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Re: a computer program is not a patentable invention


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The outcome *IS* certain. China could sink the US long before military
action started. The US could not afford the fuel to go to war.


--
\/\/\/\/\/\/\/\/\/\/\/\/\/\/\/\/\/\/\/\/\/\/\/\/\
\/\/\/\/\ Chris Hills  Staffs  England     /\/\/\/\/
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Re: a computer program is not a patentable invention


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Well if they (or anybody else) cannot afford a war things are OK.
It gets really bad when someone cannot afford not to go to war...
If things get to a large scale war finances are no longer a factor.
They are that only while preparing for this war, building up reserves,
fuel included.

Dimiter


Re: a computer program is not a patentable invention


In message < snipped-for-privacy@f17g2000vbd.googlegroup
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The Chinese can sink the USD in  matter of hours.  Then the US can not
buy fuel or food on the international markets.  Actually the US could
not by anything or do any business.....  no matter how many tanks it
has.



--
\/\/\/\/\/\/\/\/\/\/\/\/\/\/\/\/\/\/\/\/\/\/\/\/\
\/\/\/\/\ Chris Hills  Staffs  England     /\/\/\/\/
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Re: a computer program is not a patentable invention


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Doing that would do enormous damage to China as well.  What's that
saying - if you owe the bank a million dollars, you have a problem, but
if you owe the bank a billion, the bank has a problem?  China is the
USA's bank - dropping the USD would mean giving up on the very large sum
of money owed it by the USA.

Of course, it's a useful last resort (from China's viewpoint).  It's not
quite MAD, since the USA would come off a lot worse than China, but it's
no easy option.


Re: a computer program is not a patentable invention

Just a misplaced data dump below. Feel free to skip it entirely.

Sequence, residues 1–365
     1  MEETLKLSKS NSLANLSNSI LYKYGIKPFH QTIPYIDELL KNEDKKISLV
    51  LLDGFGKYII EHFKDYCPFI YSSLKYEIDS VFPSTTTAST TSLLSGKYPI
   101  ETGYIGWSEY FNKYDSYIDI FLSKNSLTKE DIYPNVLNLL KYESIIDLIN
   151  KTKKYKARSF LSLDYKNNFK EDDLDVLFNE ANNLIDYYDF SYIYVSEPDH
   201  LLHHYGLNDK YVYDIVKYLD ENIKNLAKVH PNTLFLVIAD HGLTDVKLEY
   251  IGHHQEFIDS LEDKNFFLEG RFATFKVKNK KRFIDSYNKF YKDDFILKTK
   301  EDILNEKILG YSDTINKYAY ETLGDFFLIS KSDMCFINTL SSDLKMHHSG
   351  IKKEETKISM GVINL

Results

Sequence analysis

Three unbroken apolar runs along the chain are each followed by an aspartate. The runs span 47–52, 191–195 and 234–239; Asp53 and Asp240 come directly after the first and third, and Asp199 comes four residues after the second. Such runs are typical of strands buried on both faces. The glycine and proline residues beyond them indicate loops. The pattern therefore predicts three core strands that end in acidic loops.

<SNIP>

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And of course they *should* be based on domain expert
witnesses, impartial and in good faith.

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Groetjes Albert

--
--
Albert van der Horst, UTRECHT,THE NETHERLANDS
Economic growth -- being exponential -- ultimately falters.
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Re: a computer program is not a patentable invention




Albert van der Horst wrote:

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I would agree. Copyright cases have been generally  less
expensive than patent cases. I don't know many patent cases
that haven't been won without very deep pockets or a
legal firm as a partner. Individuals and small publishing
houses do win copyright cases .




Re: a computer program is not a patentable invention


On Mon, 19 Apr 2010 16:45:24 -0400, Walter Banks

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I also agree, having worked with patent attorneys charging
upwards of US$60k/loose-man-month.

So this suggests dividing the entire patent and copyright
issue into at least two separate categories:  as it applies
to "deep pockets" and as it applies to "shallow pockets."
Patents are largely off the table for shallow pockets, so all
there is is copyright.

Jon

Re: a computer program is not a patentable invention